The boat was like an old gondola that might simply crumble if we were going over actual water. It was beyond old, probably the same age as the Underworld itself. It creaked and cracked as we stood on it, rocking slightly back and forth. The three of us each grabbed a stick and pushed off the peer of the palace and into the river we went.
“How does this actually work?” Huntley asked. “I mean, it looks like we are traveling on clouds.”
“You really going to ask questions of how things work in the Underworld? Not just accept that things work differently here?” A.J. replied. We had barely been gone for a couple of moments and they were already arguing.
“The rivers here are more like air currents, trapping things that have been lost in the mortal realm,” I explained. “The river we are on now is the River Styx, the River of Hatred. It is but one of five rivers. Most of the dead come to this world via Acheron, the River of Pain. It is where Charon runs his service. The other rivers flow through the Underworld and serve as transportation to places throughout. But without a boat, all of the rivers will curse those who try to escape, so make sure the water doesn’t touch you.”
Huntley glanced over the water, his eyes wide. I probably should have mentioned that earlier, but it had completely slipped my mind. When you knew something for such a long time, it was hard to remember to tell others who might not know.
“Don’t worry, you’re fine. But because of this, no god from the other realms can get through Oceanus, which is why Father has hidden me away for so long. That is, except Hermes, he can travel between realms. Why that is, no one really knows. He kinda just appears some days and Father can’t figure out how he’s doing it. As for my mother, well, it’s really rare for anyone to come to the Underworld and be able to go back to Earth. In some legends the hero can, or antagonist, depending on your point of view. The River Styx was their greatest obstacle.”
“But she sneaks men in here,” Huntley countered.
I nodded. “Yeah, but they don’t come by themselves. She pays Charon to escort them. He will escort anything as long as he gets paid.”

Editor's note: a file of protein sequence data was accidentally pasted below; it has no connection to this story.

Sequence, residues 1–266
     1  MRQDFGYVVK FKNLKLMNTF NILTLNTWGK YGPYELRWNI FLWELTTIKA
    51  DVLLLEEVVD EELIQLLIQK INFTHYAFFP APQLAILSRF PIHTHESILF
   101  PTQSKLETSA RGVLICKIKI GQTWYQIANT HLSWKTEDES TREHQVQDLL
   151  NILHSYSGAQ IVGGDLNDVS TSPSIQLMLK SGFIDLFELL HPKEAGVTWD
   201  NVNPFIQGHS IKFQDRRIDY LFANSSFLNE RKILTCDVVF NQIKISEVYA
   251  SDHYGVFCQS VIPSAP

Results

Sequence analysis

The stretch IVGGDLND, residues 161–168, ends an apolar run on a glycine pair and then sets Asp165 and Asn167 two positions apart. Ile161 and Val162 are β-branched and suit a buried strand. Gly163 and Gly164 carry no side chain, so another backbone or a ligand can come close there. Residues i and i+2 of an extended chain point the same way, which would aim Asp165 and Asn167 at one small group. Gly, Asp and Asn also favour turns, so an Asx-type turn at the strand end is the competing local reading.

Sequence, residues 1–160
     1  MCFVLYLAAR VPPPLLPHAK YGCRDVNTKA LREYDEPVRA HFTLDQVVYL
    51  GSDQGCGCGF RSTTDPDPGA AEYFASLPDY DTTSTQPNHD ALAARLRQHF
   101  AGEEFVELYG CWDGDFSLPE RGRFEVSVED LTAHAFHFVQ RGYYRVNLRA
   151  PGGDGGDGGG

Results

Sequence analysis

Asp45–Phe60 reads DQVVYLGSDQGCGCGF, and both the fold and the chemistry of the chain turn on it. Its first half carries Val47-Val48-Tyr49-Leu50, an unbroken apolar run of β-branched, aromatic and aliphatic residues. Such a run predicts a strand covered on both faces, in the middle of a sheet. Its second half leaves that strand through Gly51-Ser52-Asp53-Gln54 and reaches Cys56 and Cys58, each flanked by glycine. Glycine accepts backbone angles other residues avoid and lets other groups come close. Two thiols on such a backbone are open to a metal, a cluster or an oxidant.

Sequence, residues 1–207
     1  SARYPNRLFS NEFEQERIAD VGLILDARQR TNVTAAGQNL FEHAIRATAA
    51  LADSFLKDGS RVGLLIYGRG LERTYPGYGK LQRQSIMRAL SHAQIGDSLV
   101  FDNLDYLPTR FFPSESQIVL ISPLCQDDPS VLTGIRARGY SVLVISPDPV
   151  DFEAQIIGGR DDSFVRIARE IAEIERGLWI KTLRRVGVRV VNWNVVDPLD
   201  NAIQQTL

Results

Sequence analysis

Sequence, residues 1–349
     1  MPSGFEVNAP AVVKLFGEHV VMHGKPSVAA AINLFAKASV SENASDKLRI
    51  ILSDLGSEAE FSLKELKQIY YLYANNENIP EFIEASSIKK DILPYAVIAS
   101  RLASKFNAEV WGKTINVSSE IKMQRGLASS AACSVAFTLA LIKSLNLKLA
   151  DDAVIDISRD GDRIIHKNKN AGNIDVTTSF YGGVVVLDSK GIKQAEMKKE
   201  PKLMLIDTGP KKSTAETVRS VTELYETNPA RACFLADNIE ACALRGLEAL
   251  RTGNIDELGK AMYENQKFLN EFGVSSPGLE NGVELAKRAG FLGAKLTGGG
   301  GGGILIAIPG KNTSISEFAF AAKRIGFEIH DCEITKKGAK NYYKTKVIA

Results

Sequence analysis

“Oh. So which one is the River Styx?” Huntley asked.
I gestured in front of us. “This one. We will be going around the Underworld seven times and then be dumped into Oceanus.”
“Seven times? Won’t that take forever?”
I shrugged. “Space is weird here. Doesn’t take too long actually and the farther we get, the faster it starts to go.”
“Oh, I guess that makes sense,” Huntley said. “Then where is Oceanus?”
I nodded up. “You see the blue clouds that covers the entire realm? That’s Oceanus.”
He looked up at the sky. The molten blue shimmered in the light of the morning. Where the morning light really came from, I still wasn’t sure. This world was weird, I had to agree.
“Shit. How are we supposed to get through that?” he asked.
“Hence the boat, moron,” A.J. commented.
Huntley pointed up. “Yeah, but that doesn’t have a surface that we can travel on.”
I shook my head. “That’s because we don’t travel on it. We travel through it. Oceanus is like a shell between this world and Earth.”
“Oh yeah, that’s going to be fun. Do you even know where we are going to end up?”
I was silent. I actually didn’t. I figured, probably wherever my mother was last, but I couldn’t be sure. It wasn’t like I had a preference. Anywhere was better than here. Finally, I shrugged.
“We don’t even know where we are going?” Huntley exclaimed. “Chrys, seriously, get some sense in your head. This is a bad idea.”
He was right, I really didn’t know what I was doing. I should turn back now, I had let my emotions get the better of me. I was turning into my mother.
And I didn’t want that.
About the Author
Dani Hoots is a science fiction, fantasy, romance, and young adult author who loves anything with a story. She has a B.S. in Anthropology, a Masters of Urban and Environmental Planning, and is currently in the Your Novel Year Program through Arizona State University.
Currently she is working on a YA urban fantasy series called , a historic fantasy vampire series called , and a YA sci-fi series called .
Her hobbies include reading, watching anime, cooking, studying different languages, wire walking, tinkering with her violin and concertina, and volunteering at the library. She lives in Seattle with her husband and two cats.